U.S. Captain praises Thai Navy during joint drills



US and Thai ships transit the Gulf of Thailand during CARAT Thailand 2011. Image Credit: U.S. Navy Photo


The professionalism of the Royal Thai Navy and its performance during joint drills has improved and is on a par in many respects with the United States Navy, the commander of the U.S. Navy’s Destroyer Squadron Seven said during the Guardian Sea bilateral naval exercises last week.

The five-day joint exercises focused on hunting down and destroying submarines, and underscored the continuing cooperation between the U.S. Navy and its counterpart from Thailand – the oldest treaty ally of the United States in Asia and one that has supported the U.S. in conflicts such as the wars in Korea and Viet Nam. The exercises took place in the Andaman Sea off Thailand’s western coast.

Captain H.B. Le, commodore of the U.S. Navy’s Destroyer Squadron Seven said the exercises were an opportunity to strengthen ties between Thailand and the United States, in addition to giving Thai Navy personnel a chance to train with, use the equipment of and practice submarine warfare techniques with the U.S. Navy.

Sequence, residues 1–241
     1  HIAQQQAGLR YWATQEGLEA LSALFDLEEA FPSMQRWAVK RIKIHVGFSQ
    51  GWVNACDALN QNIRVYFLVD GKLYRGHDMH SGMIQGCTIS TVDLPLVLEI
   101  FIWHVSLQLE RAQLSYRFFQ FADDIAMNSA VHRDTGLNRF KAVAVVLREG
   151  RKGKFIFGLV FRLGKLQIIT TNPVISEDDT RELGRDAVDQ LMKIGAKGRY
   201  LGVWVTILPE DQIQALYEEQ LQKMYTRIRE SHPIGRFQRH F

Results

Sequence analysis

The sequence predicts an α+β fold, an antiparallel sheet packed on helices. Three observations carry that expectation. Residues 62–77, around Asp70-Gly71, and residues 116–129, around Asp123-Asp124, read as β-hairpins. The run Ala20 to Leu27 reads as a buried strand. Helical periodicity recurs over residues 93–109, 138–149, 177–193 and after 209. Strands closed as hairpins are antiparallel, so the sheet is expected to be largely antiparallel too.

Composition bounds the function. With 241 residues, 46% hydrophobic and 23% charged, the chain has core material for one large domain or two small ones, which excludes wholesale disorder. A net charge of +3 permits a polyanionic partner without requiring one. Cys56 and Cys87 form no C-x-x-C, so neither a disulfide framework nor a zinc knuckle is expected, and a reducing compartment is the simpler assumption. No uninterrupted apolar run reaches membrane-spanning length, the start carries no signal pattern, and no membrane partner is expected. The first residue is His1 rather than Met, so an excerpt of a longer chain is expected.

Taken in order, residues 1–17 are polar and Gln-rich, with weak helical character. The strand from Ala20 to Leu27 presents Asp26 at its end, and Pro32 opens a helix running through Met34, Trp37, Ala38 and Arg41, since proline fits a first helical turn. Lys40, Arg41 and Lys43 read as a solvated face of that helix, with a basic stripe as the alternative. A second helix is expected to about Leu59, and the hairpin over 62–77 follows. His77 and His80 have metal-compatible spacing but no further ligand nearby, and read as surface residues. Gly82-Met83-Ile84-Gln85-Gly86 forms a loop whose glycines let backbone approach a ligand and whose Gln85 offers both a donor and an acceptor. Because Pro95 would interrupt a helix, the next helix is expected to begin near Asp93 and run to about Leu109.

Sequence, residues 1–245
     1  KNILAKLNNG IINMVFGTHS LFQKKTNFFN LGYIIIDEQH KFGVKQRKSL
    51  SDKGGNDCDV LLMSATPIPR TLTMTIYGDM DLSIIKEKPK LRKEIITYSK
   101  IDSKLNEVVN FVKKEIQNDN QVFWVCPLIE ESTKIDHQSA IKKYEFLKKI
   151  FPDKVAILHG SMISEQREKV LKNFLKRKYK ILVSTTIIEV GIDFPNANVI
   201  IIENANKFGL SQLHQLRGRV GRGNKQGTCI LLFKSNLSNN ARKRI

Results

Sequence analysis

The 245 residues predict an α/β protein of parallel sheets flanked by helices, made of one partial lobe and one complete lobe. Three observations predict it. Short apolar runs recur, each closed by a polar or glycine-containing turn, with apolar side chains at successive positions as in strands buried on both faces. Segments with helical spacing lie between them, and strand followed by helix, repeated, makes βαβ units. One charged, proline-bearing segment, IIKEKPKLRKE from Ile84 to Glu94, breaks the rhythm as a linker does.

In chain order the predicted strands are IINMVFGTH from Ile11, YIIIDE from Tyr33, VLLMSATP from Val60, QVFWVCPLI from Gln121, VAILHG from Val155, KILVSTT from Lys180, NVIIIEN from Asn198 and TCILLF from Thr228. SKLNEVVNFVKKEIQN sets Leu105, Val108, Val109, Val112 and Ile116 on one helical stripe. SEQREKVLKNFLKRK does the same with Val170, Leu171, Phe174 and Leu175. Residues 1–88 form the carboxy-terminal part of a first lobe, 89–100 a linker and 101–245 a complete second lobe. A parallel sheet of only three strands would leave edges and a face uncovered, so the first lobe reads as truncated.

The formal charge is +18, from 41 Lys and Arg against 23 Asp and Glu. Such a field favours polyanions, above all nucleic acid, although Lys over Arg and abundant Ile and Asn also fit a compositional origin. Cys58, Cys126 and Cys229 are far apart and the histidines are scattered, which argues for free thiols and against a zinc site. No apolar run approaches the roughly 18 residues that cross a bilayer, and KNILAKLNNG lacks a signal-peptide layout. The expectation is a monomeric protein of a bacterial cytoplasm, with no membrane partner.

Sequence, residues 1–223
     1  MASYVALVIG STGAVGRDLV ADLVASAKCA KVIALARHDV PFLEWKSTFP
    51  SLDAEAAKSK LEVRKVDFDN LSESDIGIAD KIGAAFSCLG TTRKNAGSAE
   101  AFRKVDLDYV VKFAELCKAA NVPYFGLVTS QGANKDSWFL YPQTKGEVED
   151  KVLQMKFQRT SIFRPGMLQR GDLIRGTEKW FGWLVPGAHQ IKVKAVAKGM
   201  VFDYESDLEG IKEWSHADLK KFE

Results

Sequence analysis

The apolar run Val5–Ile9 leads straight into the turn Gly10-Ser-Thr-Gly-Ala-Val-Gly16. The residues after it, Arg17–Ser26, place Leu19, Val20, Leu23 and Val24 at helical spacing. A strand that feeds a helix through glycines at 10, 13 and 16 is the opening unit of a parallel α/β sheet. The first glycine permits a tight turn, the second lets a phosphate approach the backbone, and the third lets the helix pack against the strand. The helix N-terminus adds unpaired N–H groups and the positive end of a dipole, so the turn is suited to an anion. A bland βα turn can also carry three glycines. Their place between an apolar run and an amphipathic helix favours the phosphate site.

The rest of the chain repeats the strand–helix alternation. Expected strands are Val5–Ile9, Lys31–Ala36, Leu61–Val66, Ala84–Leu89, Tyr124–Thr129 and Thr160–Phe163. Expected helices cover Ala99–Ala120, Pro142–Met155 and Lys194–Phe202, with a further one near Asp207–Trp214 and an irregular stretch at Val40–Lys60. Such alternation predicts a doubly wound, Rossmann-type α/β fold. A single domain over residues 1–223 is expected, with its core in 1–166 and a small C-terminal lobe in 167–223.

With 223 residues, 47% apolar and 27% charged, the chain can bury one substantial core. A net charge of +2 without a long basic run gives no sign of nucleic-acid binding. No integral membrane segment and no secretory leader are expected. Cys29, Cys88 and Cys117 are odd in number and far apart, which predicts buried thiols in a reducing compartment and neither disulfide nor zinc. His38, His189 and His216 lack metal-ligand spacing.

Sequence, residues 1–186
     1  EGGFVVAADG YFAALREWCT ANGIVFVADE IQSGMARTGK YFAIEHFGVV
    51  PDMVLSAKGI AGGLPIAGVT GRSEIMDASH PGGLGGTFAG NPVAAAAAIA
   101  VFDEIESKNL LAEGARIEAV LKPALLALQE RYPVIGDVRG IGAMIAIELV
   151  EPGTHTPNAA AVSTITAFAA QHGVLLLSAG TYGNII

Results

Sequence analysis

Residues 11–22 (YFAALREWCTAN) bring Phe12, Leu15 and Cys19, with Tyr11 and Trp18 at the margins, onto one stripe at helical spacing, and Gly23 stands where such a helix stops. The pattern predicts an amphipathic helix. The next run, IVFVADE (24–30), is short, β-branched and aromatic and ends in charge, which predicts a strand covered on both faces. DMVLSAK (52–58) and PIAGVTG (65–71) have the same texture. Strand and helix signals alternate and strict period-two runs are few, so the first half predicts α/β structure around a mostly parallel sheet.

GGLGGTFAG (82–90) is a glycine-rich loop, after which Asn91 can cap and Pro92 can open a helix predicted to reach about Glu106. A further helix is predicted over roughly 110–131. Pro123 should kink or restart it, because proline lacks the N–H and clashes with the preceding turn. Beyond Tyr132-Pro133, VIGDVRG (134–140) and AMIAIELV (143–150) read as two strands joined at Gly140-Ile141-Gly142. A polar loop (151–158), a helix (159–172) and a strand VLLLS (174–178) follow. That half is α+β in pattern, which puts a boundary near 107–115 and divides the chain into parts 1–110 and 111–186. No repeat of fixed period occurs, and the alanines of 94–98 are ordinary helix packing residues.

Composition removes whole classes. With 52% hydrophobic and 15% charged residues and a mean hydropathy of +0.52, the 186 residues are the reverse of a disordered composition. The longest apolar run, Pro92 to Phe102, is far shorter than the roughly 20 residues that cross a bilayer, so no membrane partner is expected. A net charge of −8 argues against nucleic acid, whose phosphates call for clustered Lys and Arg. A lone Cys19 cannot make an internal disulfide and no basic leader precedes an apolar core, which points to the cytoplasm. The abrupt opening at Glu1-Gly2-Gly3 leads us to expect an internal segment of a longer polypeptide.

The American Navy dispatched the USS San Francisco, a Los Angeles-class nuclear submarine; the guided-missile destroyer USS Stethem; and a P-8A Poseidon maritime patrol aircraft to take part in the drills. The Thai Navy fielded the HTMS Chakri Naruebet, HTMS Taksin and HTMS Naresuan of the Thai navy were all dispatched to join the exercise, along with anti-submarine S-70B Seahawk helicopters.

Capt. Le said the Thai Navy is known for effective management of data transmission systems, noting that newly installed sonar systems on HTMS Taksin and HTMS Naresuan were chosen for their potential to detect submarines and coordinate attacks on a par with U.S. Navy vessels. He added that this year’s exercise was “the most complex to date.”

“Guardian Sea provides our navies the opportunity and challenge of detecting and tracking submarines, and to practice procedures related to anti-submarine warfare,” Le said.

The exercise included a shore phase with seminars and exchanges between experts from both navies.

“Guardian Sea is an excellent opportunity to operate at sea in a realistic training environment with our friends and partners in the Royal Thai Navy,” said Cmdr. Doug Pegher, the Stethem’s commanding officer. “Our sailors gain valuable experiences from these engagements, and we build important maritime relationships that endure beyond the exercise.”

Rear Admiral Vasinsan Chantavarin of the Thai Navy said “the exercise was beneficial to the navy on multiple issues, from reviewing our work and testing newly installed systems, particularly submarine detection, as well as learning about an ally with new technology.”